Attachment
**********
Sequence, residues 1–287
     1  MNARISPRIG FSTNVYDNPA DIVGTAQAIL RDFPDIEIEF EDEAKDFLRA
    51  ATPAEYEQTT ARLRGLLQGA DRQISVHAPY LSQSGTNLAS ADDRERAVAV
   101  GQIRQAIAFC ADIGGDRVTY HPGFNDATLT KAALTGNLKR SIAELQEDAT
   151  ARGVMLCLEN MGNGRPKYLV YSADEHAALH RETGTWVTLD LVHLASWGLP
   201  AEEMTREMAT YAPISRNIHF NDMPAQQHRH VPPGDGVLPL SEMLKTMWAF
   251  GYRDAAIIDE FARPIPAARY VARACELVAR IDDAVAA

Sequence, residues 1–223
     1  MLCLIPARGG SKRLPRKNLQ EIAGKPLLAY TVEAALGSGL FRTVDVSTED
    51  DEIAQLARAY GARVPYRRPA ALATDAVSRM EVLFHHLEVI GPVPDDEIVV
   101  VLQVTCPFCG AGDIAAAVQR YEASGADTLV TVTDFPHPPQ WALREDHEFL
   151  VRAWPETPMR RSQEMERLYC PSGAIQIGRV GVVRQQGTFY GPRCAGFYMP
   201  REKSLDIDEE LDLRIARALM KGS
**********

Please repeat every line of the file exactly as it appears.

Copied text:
Sequence, residues 1–287
     1  MNARISPRIG FSTNVYDNPA DIVGTAQAIL RDFPDIEIEF EDEAKDFLRA
    51  ATPAEYEQTT ARLRGLLQGA DRQISVHAPY LSQSGTNLAS ADDRERAVAV
   101  GQIRQAIAFC ADIGGDRVTY HPGFNDATLT KAALTGNLKR SIAELQEDAT
   151  ARGVMLCLEN MGNGRPKYLV YSADEHAALH RETGTWVTLD LVHLASWGLP
   201  AEEMTREMAT YAPISRNIHF NDMPAQQHRH VPPGDGVLPL SEMLKTMWAF
   251  GYRDAAIIDE FARPIPAARY VARACELVAR IDDAVAA

Sequence, residues 1–223
     1  MLCLIPARGG SKRLPRKNLQ EIAGKPLLAY TVEAALGSGL FRTVDVSTED
    51  DEIAQLARAY GARVPYRRPA ALATDAVSRM EVLFHHLEVI GPVPDDEIVV
   101  VLQVTCPFCG AGDIAAAVQR YEASGADTLV TVTDFPHPPQ WALREDHEFL
   151  VRAWPETPMR RSQEMERLYC PSGAIQIGRV GVVRQQGTFY GPRCAGFYMP
   201  REKSLDIDEE LDLRIARALM KGS